What is molecular geometry?
The study of the three-dimensional arrangement of the atoms that constitute a molecule is called Molecular geometry.
Molecular geometry gives information about the general shape of the molecule as well as bond lengths, bond angles, torsional angles and any other geometrical parameters that determine the position of each atom.
In covalent molecules the bonds are of directional nature because the shared pairs of electrons remain localized in a definite space between the nuclei of the participating atoms. The space model obtained by joining the points which represent the different bonds in a covalent molecule accounts for its shape.
Table of contents
- Determination of molecular geometry
- Types of molecular structure
- Regular and irregular geometry of molecule
- Geometry of some covalent molecules based on VSEPR theory
Determination of molecular geometry
The molecular geometry can be determined by various spectroscopic methods and diffraction methods. IR, microwave and Raman spectroscopy can give information about the molecule geometry from the details of the vibrational and rotational absorbance detected by these techniques. X-ray crystallography, neutron diffraction and electron diffraction can give molecular structure for crystalline solids based on the distance between nuclei and concentration of electron density.
Several methods have developed to determine the distance between the various atoms in a molecule and also the angle in the bond involved. However, the geometries and observed shape of the covalent molecules can be predicted theoretically with the help of valence shell electron pair repulsion theory (VSEPR theory).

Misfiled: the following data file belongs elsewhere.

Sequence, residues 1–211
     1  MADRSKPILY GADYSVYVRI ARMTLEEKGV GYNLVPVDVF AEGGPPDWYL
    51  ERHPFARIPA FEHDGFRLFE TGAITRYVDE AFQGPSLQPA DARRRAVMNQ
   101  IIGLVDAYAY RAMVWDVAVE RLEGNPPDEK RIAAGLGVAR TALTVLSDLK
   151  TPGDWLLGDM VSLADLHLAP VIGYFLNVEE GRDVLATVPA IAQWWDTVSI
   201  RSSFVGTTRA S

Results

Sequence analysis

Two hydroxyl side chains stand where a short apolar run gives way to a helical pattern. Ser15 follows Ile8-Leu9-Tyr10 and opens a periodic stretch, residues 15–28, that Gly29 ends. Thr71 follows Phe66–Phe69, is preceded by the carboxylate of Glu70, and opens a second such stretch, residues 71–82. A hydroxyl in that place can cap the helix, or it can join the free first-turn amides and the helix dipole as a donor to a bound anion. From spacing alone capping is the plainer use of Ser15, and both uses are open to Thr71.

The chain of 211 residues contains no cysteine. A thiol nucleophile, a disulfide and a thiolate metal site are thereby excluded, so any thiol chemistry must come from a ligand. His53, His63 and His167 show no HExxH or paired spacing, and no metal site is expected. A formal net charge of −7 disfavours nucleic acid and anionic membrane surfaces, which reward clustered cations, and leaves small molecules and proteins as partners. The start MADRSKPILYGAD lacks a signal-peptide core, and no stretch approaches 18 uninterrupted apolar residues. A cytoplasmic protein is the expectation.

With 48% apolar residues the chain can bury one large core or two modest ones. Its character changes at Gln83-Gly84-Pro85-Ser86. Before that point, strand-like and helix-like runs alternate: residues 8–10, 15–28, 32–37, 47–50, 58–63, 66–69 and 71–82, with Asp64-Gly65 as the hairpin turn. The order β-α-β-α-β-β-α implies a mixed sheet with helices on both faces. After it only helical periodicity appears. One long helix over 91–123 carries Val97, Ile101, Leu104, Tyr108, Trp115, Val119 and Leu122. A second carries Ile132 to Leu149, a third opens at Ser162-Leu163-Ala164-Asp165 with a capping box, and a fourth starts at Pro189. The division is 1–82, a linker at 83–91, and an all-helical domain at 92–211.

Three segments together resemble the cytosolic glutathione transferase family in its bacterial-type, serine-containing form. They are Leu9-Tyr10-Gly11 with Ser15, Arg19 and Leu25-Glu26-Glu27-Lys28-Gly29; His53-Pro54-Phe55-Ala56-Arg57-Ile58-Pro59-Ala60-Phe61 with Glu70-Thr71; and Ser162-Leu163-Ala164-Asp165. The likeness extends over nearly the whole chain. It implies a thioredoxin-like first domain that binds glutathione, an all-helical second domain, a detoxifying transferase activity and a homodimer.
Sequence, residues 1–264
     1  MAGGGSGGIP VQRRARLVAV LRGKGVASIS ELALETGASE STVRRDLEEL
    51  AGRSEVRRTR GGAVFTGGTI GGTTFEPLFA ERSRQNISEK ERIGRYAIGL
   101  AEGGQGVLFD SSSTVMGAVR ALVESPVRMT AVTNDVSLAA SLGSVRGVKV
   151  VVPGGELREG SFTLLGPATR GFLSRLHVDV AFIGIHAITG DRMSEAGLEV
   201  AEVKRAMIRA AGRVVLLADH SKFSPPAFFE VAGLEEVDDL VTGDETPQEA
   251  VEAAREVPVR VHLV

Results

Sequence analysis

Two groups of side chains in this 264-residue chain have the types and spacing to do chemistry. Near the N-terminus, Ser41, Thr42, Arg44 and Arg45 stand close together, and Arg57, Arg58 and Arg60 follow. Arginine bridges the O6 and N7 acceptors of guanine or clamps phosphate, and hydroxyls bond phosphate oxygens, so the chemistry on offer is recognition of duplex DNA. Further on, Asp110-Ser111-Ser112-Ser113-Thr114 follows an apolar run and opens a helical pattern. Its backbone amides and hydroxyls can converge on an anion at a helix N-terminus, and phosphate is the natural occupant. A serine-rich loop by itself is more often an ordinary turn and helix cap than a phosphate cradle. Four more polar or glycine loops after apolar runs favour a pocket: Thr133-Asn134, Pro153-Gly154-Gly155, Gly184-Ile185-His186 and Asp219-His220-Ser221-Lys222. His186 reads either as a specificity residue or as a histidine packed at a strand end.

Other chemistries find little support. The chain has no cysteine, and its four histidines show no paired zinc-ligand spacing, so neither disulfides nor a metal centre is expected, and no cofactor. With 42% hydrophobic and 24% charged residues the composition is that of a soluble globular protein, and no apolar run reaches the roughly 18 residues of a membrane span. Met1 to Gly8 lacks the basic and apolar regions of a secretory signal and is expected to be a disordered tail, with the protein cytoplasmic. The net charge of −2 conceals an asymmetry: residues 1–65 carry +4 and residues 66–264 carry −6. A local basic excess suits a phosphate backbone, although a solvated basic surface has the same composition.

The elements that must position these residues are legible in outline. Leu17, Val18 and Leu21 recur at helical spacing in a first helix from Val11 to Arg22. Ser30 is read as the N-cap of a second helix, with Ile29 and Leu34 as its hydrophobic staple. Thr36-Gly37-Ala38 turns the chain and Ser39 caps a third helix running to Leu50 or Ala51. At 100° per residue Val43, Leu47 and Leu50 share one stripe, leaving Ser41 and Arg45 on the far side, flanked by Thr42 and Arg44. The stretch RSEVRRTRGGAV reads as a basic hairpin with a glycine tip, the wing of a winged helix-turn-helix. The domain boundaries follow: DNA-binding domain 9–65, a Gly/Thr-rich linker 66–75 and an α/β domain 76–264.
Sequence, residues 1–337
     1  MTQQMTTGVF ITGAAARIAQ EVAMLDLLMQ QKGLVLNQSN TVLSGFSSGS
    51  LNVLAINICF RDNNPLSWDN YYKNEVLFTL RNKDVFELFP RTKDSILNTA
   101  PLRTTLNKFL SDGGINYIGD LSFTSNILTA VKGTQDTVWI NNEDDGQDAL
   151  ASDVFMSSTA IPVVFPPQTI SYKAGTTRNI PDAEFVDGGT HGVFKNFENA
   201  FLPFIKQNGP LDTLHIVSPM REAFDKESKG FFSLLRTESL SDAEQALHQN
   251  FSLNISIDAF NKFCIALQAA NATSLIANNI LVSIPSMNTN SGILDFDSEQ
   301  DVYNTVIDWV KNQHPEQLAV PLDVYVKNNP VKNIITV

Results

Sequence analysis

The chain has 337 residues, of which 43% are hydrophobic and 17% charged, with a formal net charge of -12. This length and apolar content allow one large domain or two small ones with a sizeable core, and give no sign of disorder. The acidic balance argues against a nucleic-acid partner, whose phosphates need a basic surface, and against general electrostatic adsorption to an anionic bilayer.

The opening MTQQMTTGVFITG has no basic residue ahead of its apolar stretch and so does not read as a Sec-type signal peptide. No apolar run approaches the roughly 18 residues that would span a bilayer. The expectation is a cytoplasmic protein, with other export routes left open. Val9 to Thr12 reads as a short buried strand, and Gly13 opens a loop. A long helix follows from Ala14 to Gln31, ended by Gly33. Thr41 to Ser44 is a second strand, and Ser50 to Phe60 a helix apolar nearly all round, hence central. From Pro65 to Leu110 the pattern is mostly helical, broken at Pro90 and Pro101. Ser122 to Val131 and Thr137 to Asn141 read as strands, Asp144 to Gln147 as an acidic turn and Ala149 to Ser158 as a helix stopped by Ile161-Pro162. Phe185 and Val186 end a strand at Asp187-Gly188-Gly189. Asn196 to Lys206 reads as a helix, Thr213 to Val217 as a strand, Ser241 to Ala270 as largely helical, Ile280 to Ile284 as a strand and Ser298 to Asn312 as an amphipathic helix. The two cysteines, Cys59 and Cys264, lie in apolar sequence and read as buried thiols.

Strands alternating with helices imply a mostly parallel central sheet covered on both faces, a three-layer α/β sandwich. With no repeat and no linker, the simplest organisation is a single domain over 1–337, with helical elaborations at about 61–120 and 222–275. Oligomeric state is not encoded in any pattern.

The main features of VSEPR theory are:
- The shape of a molecule depends upon the number of valence shell electron pairs (bonded or non-bonded) around the central atom.
- Pairs of electrons in the valence shell repel one another since their electron clouds are negatively charged.
- The positions of the electron pairs in space around the central atom are such that they minimize repulsion and thus maximize distance between them.
- The magnitudes of the different types of electronic repulsions follows the order given below:
Lone pair – Lone pair > Lone pair – Bonding pair > Bonding pair – Bonding pair
- These repulsive forces alter the bond angles of the molecule or ion.
- The electronic repulsion between two pairs of electrons will be minimum if they are as far apart as possible. On this basis, the following geometrical arrangements are most suited.
Types of molecular geometry.
(i) Linear molecular geometry:
- In this structure two molecules are attached to the central atom. So they arranged in the opposite direction in order to minimize their repulsion.
- The bond angle of this structure is 1800.
- Example: BeCl2, MgCl2 etc.
(ii) Trigonal planar molecular geometry:
- In this type of molecule, we find three molecules attached to a central atom. So they are arranged toward the corners of an equilateral triangle in order to minimize their repulsion.
- The bond angle of this structure is 1200.
- Example: BF3, BCl3, AlF3 etc.